As we launch into this sixth book of the TWISTED TAILS anthology series, I am reminded of Michael Crichton's debut novel, THE ANDROMEDA STRAIN. Why? Because his first and quite likely his best published novel gave us a look at the possible and horrendous result of the introduction into our happy little home of an unknown biological entity from out there somewhere. Before we go on, some clarification is needed here. Although he is best-known for revived dinosaurs, ANDROMEDA STRAIN was his first published book under his own name ([JOHN] MICHAEL CRICHTON). Published in 1969, Crichton was still in medical school and was in his early twenties. Amazing.
At the time that book was published there were few here on our safe little planet who gave such an occurrence much thought other than writers creating alien invasions from anywhere and everywhere. You know the kind, acid drooling critters whose spit could melt anything but themselves and were mindlessly bent on nothing more than destroying life in any form-particularly the human kind. Oh, and let's not forget giant bugs as in Heinlein's STARSHIP TROOPERS, a dull premise and not-so-great science fling, but a good bit of storytelling. Anyway, after reading Crichton's book, it struck me that the stuff from which we are made could well have been brought here from out there, that we are all aliens and we are not home grown...well, at least not necessarily.
The first known mention of such a possibility was made by a, wouldn't you know, 5th Century BCE Greek philosopher named Anaxagoras. Hmm, those guys get all the glory, don't they? Anyway, I was aware of most of the arguments against the concept, but it remained unproven one way or the other so I penned the following as a joke in 1971.
Reviews to come.
Read an Excerpt
Look for Folk Tail and Alien Oblation by Kim McDougall in Twisted Tails VI.
From Folk Tail:
Cat licked one silver-tipped paw for the joy of preening sun-kissed fur. A warm breeze tickled whiskers, bringing scents of mole, mouse and…was that baby rabbit?
Mmm, maybe later. Her tail curled and whipped the deck.
Dog bounded out the door and dropped a slobbery bone by her nose.
“A bone! A bone!” His tail drummed the lattice-work railing. Drool slipped from his lips. Cat opened one golden eye.
From Alien Oblation:
My name is Brogan. I took my walkabout in the year of the wasting winds. I nearly died on the plains of Am. As I lay in the grass through the searing days and freezing nights, I prayed for Reaia to spare me. I was meant for greater things than grass weevils. On the night the stars came down to claim my spirit, rain woke me, a rain so pure and dense that I nearly choked on its downpour. But Reaia had sent the rain to wake my spirit. I rose from the grass as red flowers spread across the plains, the lifeblood of Am. A boy had fallen, but I rose a man.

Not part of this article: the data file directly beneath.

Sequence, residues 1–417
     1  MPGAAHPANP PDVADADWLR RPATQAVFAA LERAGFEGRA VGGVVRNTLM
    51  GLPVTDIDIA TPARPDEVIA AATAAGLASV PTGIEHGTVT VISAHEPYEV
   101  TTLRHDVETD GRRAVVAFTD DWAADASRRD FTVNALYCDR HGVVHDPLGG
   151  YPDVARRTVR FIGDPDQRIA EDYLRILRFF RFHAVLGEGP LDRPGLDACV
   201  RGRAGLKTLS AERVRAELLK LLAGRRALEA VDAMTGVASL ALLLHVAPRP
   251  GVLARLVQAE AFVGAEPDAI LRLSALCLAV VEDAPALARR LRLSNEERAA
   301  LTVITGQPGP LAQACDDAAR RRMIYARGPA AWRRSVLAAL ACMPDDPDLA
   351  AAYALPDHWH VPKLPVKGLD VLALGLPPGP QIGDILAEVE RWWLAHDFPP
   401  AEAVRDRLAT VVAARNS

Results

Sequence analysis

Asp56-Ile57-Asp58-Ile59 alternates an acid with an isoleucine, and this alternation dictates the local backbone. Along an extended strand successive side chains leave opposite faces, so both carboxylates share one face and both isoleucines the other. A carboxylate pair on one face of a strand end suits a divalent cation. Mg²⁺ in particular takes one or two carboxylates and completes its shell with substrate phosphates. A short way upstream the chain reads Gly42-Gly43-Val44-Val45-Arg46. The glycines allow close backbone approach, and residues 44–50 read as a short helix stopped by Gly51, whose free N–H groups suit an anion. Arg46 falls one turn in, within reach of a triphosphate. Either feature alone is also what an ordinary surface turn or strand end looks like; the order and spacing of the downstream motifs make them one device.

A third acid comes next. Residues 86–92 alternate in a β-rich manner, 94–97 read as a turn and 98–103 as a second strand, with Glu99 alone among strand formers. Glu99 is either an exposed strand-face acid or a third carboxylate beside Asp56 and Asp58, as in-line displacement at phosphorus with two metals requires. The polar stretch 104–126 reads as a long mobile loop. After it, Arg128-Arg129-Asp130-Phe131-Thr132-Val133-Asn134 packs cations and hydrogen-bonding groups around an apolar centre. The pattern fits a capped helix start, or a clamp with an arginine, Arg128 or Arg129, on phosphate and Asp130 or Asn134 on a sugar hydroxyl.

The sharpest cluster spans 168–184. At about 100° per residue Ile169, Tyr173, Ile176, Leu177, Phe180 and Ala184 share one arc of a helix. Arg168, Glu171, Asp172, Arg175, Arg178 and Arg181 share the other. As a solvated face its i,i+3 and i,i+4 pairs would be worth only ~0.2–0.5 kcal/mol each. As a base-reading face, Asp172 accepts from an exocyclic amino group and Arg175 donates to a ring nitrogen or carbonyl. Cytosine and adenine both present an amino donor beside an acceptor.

Now I embark on my greatest journey. I will offer my seed to Reaia, the Devourer, in thanks.
Magda weeps every night when she thinks I sleep, but I will not waver. In the morning, she sets a bowl of gruel before me with a clatter of bad manners. Punishment, she thinks, will change my mind. In the afternoon, she brings me water as I till the earth under Am's burning eye. She lures me into a hedge with angry kisses, grabs my beard and pulls me into the dust, mounts me like a bull. Lust, she thinks, will change my mind.
Short Fiction, Fantasy, Science Fiction• Length: 131 Pages
Release Date: May 2011 • ISBN: 978-1-55404-830-4
About the Author
Kim McDougall is a writer and video producer with a BA in English literature from Concordia University, Montreal, Quebec. She was born in Montreal and has lived in Nice, France, Toronto, Long Island, New York and now beautiful Pennsylvania. She is also a fiber artist and photographer and writes fiction for children under her pen name, Kim Chatel. Though fantasy is her first literary love, Kim writes everything from children's picture books to horror fiction. Her stories often fall between the genre cracks--a little bit fantasy, a little bit literary. So she created her own genre: Between the Cracks Fiction.
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